Los Angeles Times

Drone delivery earns a Wing

Offshoot of Google clears hurdles for FAA approval to bring products to buyers.

- bloomberg

An offshoot of Alphabet Inc.’s Google has become the first drone operator to receive government approval as an airline, an important step that gives it the legal authority to begin dropping products to customers.

The subsidiary, Wing, now has the same certificat­ions that smaller airlines receive from the Federal Aviation Administra­tion and the Department of Transporta­tion. It said it plans to begin routine deliveries of small consumer items in two rural communitie­s in Virginia within months.

“It’s an exciting moment for us to have earned the FAA’s approval to actually run a business with our technology,” Wing Chief Executive James Ryan Burgess said in an interview. He called it “pivotal” for his company and the drone industry in general.

Drone regulation­s still don’t permit most flights over crowds and urban areas, limiting where Wing can operate. But the approvals signed by the FAA on Friday and Monday give the company the ability to charge for deliveries of clients’ goods in Virginia and apply for permission to expand to other regions.

Scores of companies working in test programs have gotten FAA waivers to perform demonstrat­ion flights or to make deliveries over short distances, but there has never been a drone company approved under the regulation­s designed to ensure safety at traditiona­l charter airlines or smaller air-cargo haulers.

It required Wing to create extensive manuals, training routines and a safety hierarchy — just as any air carrier must do.

Companies receiving permission must also be majority-owned by U.S. citizens under long-standing Transporta­tion Department regulation­s.

The plan has received unanimous approval from elected officials in southwest Virginia, according to Montgomery County Administra­tor Craig Meadows.

Because the idea of drones flying over people’s homes is so new, the company plans to conduct extensive outreach to local government leaders and the public, Burgess said. Deliveries are expected to start within several months.

Mark Blanks, director of the Virginia Tech Mid-Atlantic Aviation Partnershi­p, which has been working with Wing on delivery tests, said they would “be working with the community a lot more as we prepare to roll this out.”

The people living in the neighborho­ods where tests were conducted included academics at Virginia Tech and farmworker­s, Blanks said. Wing and university representa­tives have contacted many of them to ensure they were comfortabl­e. “Across the board,” he said, “everybody we’ve spoken to has been pretty excited.”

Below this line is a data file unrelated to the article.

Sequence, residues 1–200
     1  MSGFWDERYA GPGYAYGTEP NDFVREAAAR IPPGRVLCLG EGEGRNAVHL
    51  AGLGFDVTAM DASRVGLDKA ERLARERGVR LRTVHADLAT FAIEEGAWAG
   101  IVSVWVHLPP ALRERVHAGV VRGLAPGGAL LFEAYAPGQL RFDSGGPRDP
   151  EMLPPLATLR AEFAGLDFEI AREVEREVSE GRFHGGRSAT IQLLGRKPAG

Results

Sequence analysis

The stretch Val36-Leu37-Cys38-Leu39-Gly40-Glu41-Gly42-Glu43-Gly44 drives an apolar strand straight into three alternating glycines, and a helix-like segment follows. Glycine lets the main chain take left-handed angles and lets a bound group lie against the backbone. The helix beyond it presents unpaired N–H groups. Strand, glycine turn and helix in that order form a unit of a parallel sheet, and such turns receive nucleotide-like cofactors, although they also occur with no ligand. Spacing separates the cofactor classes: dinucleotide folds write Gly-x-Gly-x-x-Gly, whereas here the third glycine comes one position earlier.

Wing provided extensive documentat­ion to support its applicatio­n, including records of thousands of safe f lights conducted in Australia in recent years, according to the FAA.

“This is an important step forward for the safe testing and integratio­n of drones into our economy,” Transporta­tion Secretary Elaine Chao said in a news release.

Some drone companies have complained that the process was too onerous. Many of the requiremen­ts that made sense for a charter airline — such as seat belts for the crew — didn’t apply to them.

Burgess said the FAA applicatio­n process took months and was “very rigorous and very thorough.”

Other drone companies applying for FAA approvals should be able to move more quickly, now that the agency and Wing have worked through the issue of which rules apply, and don’t apply, to drone operators, Burgess said.

The FAA’s air carrier certificat­ion was needed because existing rules created strictly for drones don’t allow the kind of flight Wing envisioned, he said.

In order for Wing to operate over longer ranges and charge for the service, it needed to become a fullfledge­d air carrier. The FAA confirmed the air carrier certificat­ion was signed.

Wing plans to begin deliveries in Virginia’s Blacksburg and Christians­burg areas. The company has been conducting research at nearby Virginia Tech’s MidAtlanti­c Aviation Partnershi­p.

 ?? Michael Shroyer Associated Press ?? WING, LED by CEO James Ryan Burgess, now holds the same certificat­ions that smaller airlines receive from the FAA and Department of Transporta­tion.
Michael Shroyer Associated Press WING, LED by CEO James Ryan Burgess, now holds the same certificat­ions that smaller airlines receive from the FAA and Department of Transporta­tion.

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